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Fossilized Dung Beetles Reveal Link Between Prehistoric Herbivores And Vegetation Diversity

March 4, 2014
Image Caption: This is a reconstruction of a Last Interglacial temperate landscape (Germany) with typical Late Pleistocene European large herbivores such as the now extinct straight-tusked elephant (Elephas antiquus), an extinct rhinoceros (Stephanorhinus kirchbergensis), as well as the still common roe deer (Capreolus capreolus). Credit: Elke Gröning

redOrbit Staff & Wire Reports – Your Universe Online

Analysis of fossilized dung beetles has revealed that prehistoric temperate ecosystems were comprised not just of dense forest, but a mosaic of closed forest and wood-pasture vegetation, according to new research appearing in the March 3 edition of the Proceedings of the National Academy of Sciences.

In the study, researchers from the Aarhus University Department of Bioscience and Natural History Museum Aarhus reviewed decades of research on fossil beetles, focusing specifically on those associated with the dung of large animals in the past or with trees and woodland environments.

They discovered that beetles associated with herbivore dung were better represented during the previous interglacial period (from 132,000 to 110,000 years ago, prior to the arrival of humans) than with the present interglacial period (the early Holocene, the period pre-dating agriculture, from 10,000 to 5,000 years ago).

“One of the surprising results is that woodland beetles were much less dominant in the previous interglacial period than in the early Holocene, which shows that temperate ecosystems consisted not just of dense forest as often assumed, but rather a mosaic of forest and parkland,” study author and postdoctoral fellow Chris Sandom said in a statement Monday.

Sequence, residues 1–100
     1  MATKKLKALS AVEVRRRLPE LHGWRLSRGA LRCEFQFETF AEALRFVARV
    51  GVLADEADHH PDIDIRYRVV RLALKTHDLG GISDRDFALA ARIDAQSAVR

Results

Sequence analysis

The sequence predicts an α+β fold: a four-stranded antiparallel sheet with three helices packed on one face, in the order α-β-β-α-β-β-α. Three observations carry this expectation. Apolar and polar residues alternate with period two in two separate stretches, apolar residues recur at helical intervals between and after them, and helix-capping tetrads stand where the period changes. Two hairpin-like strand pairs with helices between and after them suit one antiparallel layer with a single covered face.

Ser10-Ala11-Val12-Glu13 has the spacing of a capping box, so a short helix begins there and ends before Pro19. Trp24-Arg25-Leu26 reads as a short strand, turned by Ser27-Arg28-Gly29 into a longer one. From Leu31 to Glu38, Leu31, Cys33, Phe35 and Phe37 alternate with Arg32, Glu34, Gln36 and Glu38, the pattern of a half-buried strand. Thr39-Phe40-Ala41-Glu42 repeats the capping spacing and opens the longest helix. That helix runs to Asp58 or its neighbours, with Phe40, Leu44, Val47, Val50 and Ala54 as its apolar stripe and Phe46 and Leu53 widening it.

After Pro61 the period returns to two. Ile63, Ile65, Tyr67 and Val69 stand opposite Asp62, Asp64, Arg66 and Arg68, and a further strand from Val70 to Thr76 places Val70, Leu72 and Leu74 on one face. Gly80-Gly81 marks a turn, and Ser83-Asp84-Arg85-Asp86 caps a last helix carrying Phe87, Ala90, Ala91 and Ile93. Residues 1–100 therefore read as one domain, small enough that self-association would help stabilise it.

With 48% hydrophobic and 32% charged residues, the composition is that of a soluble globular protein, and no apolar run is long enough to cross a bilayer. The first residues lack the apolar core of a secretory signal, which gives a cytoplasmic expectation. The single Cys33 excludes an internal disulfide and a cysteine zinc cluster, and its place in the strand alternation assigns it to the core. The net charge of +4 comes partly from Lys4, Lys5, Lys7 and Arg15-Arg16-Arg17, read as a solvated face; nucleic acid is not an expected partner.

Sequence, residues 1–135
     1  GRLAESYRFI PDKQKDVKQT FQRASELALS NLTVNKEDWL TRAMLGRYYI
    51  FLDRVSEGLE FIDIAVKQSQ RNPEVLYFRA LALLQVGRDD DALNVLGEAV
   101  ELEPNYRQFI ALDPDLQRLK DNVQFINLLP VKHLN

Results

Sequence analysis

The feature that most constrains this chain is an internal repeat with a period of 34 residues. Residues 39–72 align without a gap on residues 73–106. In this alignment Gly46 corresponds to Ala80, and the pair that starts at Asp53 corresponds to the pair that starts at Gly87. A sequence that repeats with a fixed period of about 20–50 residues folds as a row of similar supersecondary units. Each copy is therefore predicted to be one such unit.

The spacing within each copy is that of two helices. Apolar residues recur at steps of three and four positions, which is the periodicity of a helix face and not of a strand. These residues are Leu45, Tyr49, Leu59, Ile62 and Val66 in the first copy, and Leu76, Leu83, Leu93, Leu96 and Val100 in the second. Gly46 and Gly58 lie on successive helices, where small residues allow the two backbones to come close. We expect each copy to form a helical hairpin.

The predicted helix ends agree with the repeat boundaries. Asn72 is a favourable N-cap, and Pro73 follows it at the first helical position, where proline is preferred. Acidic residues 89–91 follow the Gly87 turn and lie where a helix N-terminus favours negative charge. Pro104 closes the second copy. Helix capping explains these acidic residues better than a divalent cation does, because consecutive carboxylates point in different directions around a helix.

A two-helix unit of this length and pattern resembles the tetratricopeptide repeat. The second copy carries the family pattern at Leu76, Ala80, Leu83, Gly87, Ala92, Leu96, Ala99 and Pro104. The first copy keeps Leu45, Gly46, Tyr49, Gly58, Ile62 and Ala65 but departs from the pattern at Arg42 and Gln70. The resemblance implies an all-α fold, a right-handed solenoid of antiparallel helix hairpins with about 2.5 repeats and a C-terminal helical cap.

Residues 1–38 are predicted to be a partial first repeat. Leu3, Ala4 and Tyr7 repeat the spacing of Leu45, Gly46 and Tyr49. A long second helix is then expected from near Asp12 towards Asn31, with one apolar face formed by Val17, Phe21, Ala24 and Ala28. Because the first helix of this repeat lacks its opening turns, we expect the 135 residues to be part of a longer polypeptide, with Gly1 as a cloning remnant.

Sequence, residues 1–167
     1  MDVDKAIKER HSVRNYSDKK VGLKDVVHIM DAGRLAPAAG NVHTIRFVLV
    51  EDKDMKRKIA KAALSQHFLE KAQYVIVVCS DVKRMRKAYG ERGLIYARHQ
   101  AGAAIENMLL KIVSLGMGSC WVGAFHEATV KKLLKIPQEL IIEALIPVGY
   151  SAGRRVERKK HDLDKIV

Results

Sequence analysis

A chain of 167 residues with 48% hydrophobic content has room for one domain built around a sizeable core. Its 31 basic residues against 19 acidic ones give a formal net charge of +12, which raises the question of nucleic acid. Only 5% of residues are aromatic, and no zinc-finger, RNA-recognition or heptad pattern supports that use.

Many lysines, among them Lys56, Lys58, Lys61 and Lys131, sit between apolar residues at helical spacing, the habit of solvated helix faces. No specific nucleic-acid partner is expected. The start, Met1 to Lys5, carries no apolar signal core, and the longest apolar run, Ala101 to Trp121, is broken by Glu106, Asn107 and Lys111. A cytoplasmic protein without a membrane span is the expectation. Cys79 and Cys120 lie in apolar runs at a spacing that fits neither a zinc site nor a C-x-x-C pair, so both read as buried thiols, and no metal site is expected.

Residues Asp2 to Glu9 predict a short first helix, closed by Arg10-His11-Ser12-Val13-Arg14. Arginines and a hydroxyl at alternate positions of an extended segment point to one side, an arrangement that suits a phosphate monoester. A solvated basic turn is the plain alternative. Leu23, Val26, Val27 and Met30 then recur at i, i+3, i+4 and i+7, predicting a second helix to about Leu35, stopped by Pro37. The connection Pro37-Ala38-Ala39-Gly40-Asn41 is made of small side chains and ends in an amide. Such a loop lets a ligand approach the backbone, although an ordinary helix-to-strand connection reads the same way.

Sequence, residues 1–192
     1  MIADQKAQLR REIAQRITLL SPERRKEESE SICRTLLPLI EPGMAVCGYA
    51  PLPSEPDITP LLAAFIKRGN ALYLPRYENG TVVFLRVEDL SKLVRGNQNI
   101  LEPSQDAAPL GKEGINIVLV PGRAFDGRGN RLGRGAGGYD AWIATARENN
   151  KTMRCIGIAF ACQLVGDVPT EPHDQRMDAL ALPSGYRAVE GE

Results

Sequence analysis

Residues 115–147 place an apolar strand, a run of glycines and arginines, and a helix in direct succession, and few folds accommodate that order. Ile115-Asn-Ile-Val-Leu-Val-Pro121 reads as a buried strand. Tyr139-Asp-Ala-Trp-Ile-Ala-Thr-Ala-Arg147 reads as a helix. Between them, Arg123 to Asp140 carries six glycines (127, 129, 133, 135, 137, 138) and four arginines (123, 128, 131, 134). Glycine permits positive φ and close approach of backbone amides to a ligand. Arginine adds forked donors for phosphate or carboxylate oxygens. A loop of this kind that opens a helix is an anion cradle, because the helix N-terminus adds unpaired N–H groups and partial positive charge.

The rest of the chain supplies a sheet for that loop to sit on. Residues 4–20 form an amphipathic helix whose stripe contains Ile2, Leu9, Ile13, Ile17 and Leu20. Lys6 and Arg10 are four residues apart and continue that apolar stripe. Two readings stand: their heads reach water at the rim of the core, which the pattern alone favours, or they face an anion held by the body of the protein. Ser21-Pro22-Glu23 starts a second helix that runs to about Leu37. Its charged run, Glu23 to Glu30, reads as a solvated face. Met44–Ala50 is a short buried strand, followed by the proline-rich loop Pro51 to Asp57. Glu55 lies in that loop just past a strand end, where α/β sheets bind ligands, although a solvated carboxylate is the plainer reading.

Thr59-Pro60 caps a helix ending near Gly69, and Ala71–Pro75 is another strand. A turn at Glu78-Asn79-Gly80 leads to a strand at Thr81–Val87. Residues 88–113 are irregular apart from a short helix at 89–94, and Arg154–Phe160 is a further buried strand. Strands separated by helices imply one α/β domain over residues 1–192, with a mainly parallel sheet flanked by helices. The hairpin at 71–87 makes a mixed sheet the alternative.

“Large animals in high numbers were an integral part of nature in prehistoric times. The composition of the beetles in the fossil sites tells us that the proportion and number of the wild large animals declined after the appearance of modern man,” added Professor Jens-Christian Svenning.

As a result, the landscape developed into primarily dense forest that was not cleared until humans started using the region for agricultural purposes, Svenning and his co-authors noted. Following the loss of that vegetation, large herbivores were typically less abundant, causing closed woodland to be more prevalent in the early Holocene.

“An important way to create more self-managing ecosystems with a high level of biodiversity is to make room for large herbivores in the European landscape – and possibly reintroduce animals such as wild cattle, bison and even elephants,” senior scientist Rasmus Ejrnæs said. “They would create and maintain a varied vegetation in temperate ecosystems, and thereby ensure the basis for a high level of biodiversity.”

The research was funded in part by the 15 June Foundation and a grant from the European Research Council, and according to Aarhaus University, it advocates the expanded use of the rewilding-based nature management approach in European nature policy, particularly when it comes to national parks and other large ecological reserves.

Image 2 (below): Dung beetles are associated with sun-exposed, dung-rich habitats that are well represented in interglacial beetle assemblages. Examples are Copris lunaris (A) and Onthophagus vacca (B), with (C) their modern habitat (Røsnæs, Denmark). Credit: Morten D.D. Hansen


Source: redOrbit Staff & Wire Reports - Your Universe Online

Fossilized Dung Beetles Reveal Link Between Prehistoric


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